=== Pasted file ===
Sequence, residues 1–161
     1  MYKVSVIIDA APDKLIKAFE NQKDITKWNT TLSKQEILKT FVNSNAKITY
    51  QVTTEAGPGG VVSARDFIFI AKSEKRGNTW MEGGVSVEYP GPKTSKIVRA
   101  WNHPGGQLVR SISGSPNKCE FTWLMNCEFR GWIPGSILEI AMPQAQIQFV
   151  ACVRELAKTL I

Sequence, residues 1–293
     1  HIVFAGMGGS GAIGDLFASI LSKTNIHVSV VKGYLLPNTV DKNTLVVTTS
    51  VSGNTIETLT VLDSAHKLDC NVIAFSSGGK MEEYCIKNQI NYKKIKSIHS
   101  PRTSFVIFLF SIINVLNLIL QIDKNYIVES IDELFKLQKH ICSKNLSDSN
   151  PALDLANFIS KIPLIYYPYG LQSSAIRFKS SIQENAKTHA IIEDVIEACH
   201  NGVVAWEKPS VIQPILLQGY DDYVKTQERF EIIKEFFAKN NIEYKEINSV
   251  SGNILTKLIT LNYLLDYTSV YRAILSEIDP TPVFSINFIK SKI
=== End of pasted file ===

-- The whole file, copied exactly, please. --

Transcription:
Sequence, residues 1–161
     1  MYKVSVIIDA APDKLIKAFE NQKDITKWNT TLSKQEILKT FVNSNAKITY
    51  QVTTEAGPGG VVSARDFIFI AKSEKRGNTW MEGGVSVEYP GPKTSKIVRA
   101  WNHPGGQLVR SISGSPNKCE FTWLMNCEFR GWIPGSILEI AMPQAQIQFV
   151  ACVRELAKTL I

Sequence, residues 1–293
     1  HIVFAGMGGS GAIGDLFASI LSKTNIHVSV VKGYLLPNTV DKNTLVVTTS
    51  VSGNTIETLT VLDSAHKLDC NVIAFSSGGK MEEYCIKNQI NYKKIKSIHS
   101  PRTSFVIFLF SIINVLNLIL QIDKNYIVES IDELFKLQKH ICSKNLSDSN
   151  PALDLANFIS KIPLIYYPYG LQSSAIRFKS SIQENAKTHA IIEDVIEACH
   201  NGVVAWEKPS VIQPILLQGY DDYVKTQERF EIIKEFFAKN NIEYKEINSV
   251  SGNILTKLIT LNYLLDYTSV YRAILSEIDP TPVFSINFIK SKI